In recent years, Hungary has achieved strong economic growth. However, according to the latest statistics, there is a significant downturn in the production of several sectors, most prominently including the automotive industry. Given the huge weight of this area in Hungary’s economy, how the negative global trends affect the country’s performance is an important question.
Hungary is one of the most exposed economies to the automotive industry. The sector has become a critical engine of industrial production in Hungary since 2011, and in the last nearly two decades, companies in the industry have managed to increase their output significantly almost every year, mainly due to lasting export demand. If the export market were to fall behind, it would hugely impact the economy and drastically degrade its performance.
In their 2018 industry report, the Central Statistical Office (KSH) revealed that the automotive industry’s share of the manufacturing output was over 28% in 2018, although their output increased only slightly, by 1.5% in 2017 and then practically stagnated in 2018.
KSH’s new data released on Thursday also shows a significant drop in the output of Hungary’s industrial sector, mainly due to the “significant fall” in car manufacturing. Although GDP continues to grow, the output decline could have some lasting effect on its rate.
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Car production suffered a significant hit compared to the results of the previous December, following a 4.0% increase in November, while production increased 11.5% in the first eleven months, according to KSH.
Regarding the new data, Erste Bank senior analyst Orsolya Nyeste noted that it is unclear what to expect for the next couple of months. PMI indices augur a positive correction in the coming months, but a decline in German industrial orders could also be seen as a sign of caution.
Although the Hungarian industry has so far proved surprisingly resilient to the slowdown in the European and German economies, it is possible that the poor data of December was the first sign that this tendency will stop in the coming future, the expert said.
Hungary, heaven for car manufacturers
International car manufacturers (mainly Germans) see a great expansion opportunity in Hungary due to a combination of relatively low wages, good infrastructure, and substantial public subsidies offered by the government.
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However, economists have long been ringing the alarm bell that Hungary could easily find itself in trouble. If demand for automobiles drops as a result of a major international financial crunch, the national economy could seriously suffer the consequences.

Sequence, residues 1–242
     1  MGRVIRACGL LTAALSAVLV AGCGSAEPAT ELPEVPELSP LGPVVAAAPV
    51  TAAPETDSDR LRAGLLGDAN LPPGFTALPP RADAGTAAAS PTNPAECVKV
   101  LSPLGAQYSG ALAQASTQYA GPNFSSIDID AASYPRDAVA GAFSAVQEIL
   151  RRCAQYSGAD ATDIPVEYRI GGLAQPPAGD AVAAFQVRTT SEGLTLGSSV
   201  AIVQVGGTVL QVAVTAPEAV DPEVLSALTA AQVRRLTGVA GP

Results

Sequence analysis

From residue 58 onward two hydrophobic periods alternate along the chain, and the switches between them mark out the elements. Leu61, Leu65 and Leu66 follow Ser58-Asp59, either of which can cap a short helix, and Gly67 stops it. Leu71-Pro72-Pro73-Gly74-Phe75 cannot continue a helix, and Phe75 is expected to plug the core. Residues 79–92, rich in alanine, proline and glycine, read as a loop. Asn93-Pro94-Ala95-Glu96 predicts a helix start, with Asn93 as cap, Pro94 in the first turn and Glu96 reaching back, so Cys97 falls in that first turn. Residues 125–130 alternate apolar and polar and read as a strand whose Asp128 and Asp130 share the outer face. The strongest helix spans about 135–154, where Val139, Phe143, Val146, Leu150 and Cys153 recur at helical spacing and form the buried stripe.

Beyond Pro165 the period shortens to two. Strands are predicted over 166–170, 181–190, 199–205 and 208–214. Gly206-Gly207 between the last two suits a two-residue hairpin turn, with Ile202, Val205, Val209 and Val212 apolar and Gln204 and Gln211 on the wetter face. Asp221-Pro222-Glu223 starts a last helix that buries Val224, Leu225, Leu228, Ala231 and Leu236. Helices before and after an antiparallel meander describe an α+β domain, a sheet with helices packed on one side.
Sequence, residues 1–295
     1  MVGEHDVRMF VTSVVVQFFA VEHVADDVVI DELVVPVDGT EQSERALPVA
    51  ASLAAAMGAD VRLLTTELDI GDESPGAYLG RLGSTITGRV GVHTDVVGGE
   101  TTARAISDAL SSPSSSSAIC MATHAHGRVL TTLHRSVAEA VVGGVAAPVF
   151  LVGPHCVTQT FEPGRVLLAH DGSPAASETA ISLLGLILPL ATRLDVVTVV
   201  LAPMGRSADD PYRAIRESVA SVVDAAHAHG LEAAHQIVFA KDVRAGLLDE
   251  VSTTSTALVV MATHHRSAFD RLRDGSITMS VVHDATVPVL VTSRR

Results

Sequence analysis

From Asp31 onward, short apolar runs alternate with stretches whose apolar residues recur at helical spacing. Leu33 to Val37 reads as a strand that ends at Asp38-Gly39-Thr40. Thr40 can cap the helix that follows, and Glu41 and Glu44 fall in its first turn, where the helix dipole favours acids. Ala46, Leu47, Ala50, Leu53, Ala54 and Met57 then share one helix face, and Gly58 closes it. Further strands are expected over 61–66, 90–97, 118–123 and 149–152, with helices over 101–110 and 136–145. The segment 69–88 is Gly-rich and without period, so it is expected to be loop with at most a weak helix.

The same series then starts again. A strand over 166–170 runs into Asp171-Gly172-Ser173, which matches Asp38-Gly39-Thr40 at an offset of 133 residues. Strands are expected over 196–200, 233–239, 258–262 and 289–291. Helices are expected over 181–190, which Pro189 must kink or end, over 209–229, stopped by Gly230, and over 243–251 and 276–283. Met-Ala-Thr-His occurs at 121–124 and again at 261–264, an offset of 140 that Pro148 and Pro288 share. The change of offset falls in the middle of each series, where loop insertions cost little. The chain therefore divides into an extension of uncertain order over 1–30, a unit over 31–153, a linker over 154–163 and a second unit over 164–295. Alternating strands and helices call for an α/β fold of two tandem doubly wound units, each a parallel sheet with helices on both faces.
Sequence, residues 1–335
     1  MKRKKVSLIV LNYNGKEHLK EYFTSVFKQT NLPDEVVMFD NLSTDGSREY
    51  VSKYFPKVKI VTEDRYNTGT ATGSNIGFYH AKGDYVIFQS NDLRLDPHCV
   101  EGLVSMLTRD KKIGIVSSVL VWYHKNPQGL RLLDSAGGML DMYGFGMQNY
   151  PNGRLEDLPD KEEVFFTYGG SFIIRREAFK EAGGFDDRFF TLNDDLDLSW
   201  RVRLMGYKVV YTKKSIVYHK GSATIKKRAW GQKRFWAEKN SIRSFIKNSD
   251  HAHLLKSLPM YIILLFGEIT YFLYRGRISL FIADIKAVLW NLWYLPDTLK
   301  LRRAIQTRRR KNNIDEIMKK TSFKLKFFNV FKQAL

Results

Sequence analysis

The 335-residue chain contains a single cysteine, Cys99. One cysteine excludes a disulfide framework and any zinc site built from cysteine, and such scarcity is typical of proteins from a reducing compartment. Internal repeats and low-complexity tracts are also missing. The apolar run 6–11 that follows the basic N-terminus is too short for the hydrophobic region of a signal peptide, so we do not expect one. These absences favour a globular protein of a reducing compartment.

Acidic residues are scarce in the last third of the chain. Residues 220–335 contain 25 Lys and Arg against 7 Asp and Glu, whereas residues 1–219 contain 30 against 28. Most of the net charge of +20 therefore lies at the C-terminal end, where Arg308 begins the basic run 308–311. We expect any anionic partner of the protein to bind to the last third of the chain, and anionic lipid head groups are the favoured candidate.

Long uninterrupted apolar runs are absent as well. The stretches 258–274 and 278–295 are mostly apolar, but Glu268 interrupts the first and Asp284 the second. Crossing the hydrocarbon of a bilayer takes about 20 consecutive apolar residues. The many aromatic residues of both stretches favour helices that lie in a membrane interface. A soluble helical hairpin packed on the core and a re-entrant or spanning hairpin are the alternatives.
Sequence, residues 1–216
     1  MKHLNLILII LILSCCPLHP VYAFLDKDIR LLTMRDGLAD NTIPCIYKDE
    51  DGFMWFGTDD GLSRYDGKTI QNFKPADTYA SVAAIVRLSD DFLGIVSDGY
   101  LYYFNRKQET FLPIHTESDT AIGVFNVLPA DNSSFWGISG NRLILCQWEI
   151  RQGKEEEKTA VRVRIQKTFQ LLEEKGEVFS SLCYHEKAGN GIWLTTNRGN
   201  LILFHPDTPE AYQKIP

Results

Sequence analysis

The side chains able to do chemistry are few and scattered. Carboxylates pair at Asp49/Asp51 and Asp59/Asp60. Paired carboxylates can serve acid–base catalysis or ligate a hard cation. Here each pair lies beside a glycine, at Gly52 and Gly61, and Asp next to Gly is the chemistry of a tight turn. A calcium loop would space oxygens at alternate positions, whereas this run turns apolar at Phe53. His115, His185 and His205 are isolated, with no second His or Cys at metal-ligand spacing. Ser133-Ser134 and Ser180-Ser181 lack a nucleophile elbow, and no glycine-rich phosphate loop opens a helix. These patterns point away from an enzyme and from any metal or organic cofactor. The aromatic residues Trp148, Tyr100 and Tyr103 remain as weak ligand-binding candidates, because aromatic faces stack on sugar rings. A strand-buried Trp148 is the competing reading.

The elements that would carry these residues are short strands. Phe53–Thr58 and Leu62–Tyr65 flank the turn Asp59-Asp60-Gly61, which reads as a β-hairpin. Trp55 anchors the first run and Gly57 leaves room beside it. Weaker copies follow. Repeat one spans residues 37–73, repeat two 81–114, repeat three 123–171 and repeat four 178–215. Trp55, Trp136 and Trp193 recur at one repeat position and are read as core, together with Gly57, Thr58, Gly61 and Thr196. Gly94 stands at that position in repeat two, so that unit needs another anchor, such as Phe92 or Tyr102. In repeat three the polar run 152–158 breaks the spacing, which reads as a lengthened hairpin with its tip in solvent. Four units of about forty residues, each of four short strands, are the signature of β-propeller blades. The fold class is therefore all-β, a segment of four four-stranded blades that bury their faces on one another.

Meanwhile, news site Magyar Hang reports that many automotive companies in Hungary (e.g. Mercedes, Audi) have started “passive layoffs.” This means that the companies do not extend their fixed-term employment contracts, nor do they replace leaving employees due to natural fluctuations or retirement with new ones. Employment of temporary workers is also reduced, while some of the human work is replaced with technology.
The paper recalls that the trend can be observed worldwide, as according to Bloomberg, 80-100 thousand jobs in the automotive industry will disappear globally in the coming years.
Also, the German Association of the Automotive Industry (VDA) estimates that the spreading popularity of self-driving and electric cars could lead to the elimination of some 70,000 automotive jobs in the next decade.
The government is not concerned
The government, however, doesn’t seem to share the concerns over the automotive industry’s exposure towards global recession trends.
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Gábor Gion, the State Secretary at the Ministry of Finance, talked about his standpoint in detail regarding the issue at last year’s Friends of Hungary Foundation conference.
The politician did not agree with the criticism that the Hungarian economy relies too much on the automotive industry and is thus more vulnerable in the case of an economic crisis. He argued that the automotive companies located in Hungary mainly manufacture high category cars, the demand for which was not diminished by the 2008 crisis either.
In response to the international economic setback and the situation heading towards recession, the Hungarian government announced its stabilizing “economy protection action plan” last June, followed by a second plan in December.
At the same time, the German and European economic indicators have moved from their lowpoint and progress has also been made in the US-China trade conflict, which was battering the German car industry last year. This could easily stabilize the somewhat weakening performance of the car manufacturers.
But the future of the global automotive industry and how the Hungarian sector will be able to adapt to it, in the long run, is yet to be seen.
Featured photo by György Varga/MTI